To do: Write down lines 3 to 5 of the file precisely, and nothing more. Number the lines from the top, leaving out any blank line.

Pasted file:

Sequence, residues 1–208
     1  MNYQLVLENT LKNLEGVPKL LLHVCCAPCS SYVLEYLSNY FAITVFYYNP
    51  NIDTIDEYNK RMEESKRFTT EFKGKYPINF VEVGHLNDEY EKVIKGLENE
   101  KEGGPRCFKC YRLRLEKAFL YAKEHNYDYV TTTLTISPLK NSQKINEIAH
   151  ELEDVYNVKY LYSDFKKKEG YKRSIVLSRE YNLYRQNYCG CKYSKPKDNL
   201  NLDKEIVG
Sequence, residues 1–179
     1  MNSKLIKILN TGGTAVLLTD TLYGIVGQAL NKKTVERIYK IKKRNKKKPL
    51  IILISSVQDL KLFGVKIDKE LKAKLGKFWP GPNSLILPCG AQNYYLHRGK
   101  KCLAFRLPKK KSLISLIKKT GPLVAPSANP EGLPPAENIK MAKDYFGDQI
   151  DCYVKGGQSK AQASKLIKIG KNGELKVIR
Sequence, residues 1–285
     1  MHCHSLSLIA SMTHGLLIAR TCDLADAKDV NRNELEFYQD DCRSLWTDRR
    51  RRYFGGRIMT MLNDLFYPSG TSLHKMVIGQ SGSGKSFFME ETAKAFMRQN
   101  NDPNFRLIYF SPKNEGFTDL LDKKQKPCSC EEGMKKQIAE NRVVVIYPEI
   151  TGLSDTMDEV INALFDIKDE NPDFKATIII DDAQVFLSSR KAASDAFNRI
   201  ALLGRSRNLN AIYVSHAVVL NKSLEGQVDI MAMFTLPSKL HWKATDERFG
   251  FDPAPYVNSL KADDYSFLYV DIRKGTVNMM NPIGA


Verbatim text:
    51  NIDTIDEYNK RMEESKRFTT EFKGKYPINF VEVGHLNDEY EKVIKGLENE
   101  KEGGPRCFKC YRLRLEKAFL YAKEHNYDYV TTTLTISPLK NSQKINEIAH
   151  ELEDVYNVKY LYSDFKKKEG YKRSIVLSRE YNLYRQNYCG CKYSKPKDNL